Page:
Protectionism, geopolitics trump cost in Australia-Japan submarines deal

Last week Australian negotiators reacted positively to a Japanese proposal for joint production of submarines to upgrade Australia’s fleet. No final agreement was reached, and while much of the process is deliberately not made public, they said a deal is possible by the end of the year.

14th Jan 2015


Protectionism, geopolitics trump cost in Australia-Japan submarines deal

Last week Australian negotiators reacted positively to a Japanese proposal for joint production of submarines to upgrade Australia’s fleet. No final agreement was reached, and while much of the process is deliberately not made public, they said a deal is possible by the end of the year.
Geopolitics plays a prominent role here, as Australia and Japan are already very close economic partners. In fact, a far-reaching free trade deal between the two will go into effect on January 15, freeing bilateral flows of goods and investments from tariffs. Their two economies are highly complementary, with Australia mostly exporting commodities, and Japan mostly exporting manufactured goods.
Japan’s role on the global stage is changing under President Shinzo Abe, who relaxed its self-imposed restrictions on arms exports and is more assertively nationalist. Japan would like to strengthen security ties with Australia, and the Japanese press even uses the term “quasi-alliance” to describe the two wealthy democracies (that each have a separate alliance with the U.S.).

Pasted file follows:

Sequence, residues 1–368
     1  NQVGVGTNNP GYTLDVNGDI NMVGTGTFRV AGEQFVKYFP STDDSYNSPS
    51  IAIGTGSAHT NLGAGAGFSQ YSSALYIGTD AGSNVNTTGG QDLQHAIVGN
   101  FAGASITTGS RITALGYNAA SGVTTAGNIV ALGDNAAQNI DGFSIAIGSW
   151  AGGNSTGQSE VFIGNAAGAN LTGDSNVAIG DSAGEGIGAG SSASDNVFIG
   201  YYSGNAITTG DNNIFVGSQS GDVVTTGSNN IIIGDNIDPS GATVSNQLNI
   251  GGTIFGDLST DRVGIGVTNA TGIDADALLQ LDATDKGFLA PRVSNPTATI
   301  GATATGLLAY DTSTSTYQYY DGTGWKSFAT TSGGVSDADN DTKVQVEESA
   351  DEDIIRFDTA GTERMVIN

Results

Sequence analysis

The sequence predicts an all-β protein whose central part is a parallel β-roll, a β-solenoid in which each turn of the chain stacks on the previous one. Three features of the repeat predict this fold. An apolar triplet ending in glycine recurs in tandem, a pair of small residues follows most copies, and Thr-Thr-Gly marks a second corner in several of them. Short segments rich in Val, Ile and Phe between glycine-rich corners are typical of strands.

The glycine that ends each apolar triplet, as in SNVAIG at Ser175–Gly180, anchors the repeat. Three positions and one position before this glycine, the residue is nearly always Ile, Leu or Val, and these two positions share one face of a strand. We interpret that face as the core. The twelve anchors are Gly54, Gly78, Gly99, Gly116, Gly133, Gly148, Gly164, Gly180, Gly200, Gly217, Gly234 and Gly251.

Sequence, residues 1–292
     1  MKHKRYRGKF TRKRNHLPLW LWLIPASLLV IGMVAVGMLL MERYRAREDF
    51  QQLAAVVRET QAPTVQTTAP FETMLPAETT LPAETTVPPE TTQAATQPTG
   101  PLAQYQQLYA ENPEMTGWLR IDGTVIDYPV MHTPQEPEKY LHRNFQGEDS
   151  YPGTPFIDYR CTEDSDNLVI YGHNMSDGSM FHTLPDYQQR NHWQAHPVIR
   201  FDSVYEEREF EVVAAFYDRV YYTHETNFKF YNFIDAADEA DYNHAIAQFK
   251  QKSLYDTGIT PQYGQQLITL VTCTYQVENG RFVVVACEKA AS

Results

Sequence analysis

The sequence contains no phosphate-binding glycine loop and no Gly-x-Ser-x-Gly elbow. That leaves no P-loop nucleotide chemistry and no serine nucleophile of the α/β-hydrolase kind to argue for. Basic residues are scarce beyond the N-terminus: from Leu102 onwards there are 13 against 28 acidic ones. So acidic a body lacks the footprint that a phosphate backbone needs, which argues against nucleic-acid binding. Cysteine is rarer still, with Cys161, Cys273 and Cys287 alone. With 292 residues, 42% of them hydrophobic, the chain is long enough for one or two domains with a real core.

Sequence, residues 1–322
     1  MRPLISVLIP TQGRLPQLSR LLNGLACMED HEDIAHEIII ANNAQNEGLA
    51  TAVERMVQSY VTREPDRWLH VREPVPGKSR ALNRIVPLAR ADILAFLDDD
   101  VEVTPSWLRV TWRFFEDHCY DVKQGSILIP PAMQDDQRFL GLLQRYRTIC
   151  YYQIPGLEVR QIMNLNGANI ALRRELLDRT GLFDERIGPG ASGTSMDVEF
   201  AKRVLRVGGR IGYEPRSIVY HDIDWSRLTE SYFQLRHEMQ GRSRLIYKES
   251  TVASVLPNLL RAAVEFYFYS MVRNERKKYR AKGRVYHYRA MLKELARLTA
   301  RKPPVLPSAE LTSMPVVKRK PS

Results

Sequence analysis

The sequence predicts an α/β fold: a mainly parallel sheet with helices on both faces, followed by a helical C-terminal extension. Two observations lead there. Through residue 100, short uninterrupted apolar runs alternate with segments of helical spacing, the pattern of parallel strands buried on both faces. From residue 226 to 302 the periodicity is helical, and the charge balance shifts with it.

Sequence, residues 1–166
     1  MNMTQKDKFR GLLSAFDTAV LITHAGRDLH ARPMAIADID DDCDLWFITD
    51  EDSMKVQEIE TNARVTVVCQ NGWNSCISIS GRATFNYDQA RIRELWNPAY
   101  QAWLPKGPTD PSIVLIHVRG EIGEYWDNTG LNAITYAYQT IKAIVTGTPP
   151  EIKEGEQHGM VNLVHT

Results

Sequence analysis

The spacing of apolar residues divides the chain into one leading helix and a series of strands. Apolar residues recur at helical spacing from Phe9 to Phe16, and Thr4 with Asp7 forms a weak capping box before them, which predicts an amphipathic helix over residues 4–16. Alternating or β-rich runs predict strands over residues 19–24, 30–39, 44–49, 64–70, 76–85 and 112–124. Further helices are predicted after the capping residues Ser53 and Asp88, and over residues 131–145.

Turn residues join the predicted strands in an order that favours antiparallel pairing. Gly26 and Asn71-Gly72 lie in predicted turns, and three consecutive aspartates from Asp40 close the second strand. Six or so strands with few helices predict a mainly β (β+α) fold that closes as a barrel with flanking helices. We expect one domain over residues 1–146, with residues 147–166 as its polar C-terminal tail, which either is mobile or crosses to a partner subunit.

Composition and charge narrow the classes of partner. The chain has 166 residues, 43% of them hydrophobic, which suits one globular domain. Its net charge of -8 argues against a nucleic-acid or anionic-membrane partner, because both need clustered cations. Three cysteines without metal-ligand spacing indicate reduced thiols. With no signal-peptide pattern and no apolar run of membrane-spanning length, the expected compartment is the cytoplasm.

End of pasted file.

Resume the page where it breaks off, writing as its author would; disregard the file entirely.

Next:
But Australia has shied away from any such commitment, with its population overwhelmingly preferring to remain neutral in the case of any conflict between China and Japan — Australia’s two largest trading partners. That being said, Australia is not open to any hypothetical Chinese or Russian submarine offers, and if it uses Japanese technology, it would be integrated smoothly with the American-led security alliances. It might also be the first step to later joint naval exercises.
However, Australia’s top concern is protecting domestic shipbuilding jobs and those of associated industries. Thus, Australia balked at purchasing Japanese-built submarines and called for them to be built domestically. It didn’t matter if Japan could produce them for as little as half the total cost. As The Mainichi Shimbun reported, in Japan’s new proposal, its defense ministry would cooperate with Australia in developing special steel and other materials for its new submarines, while Japan will be in charge of assembling them. The Australian Department of Defence has said it is still considering submarine options with other countries, but it has come under fire for not having an open tender process, leading to suspicion that the game was always rigged for Japan to win.
Japan has never exported a submarine before, but it has a well-established submarine-building industry at home, part of its thriving shipbuilding industry that is the third largest in the world. With initial estimates of this deal going for roughly $20 billion, plus favorable geopolitical implications, Japan is willing to compromise in order to secure it.


 

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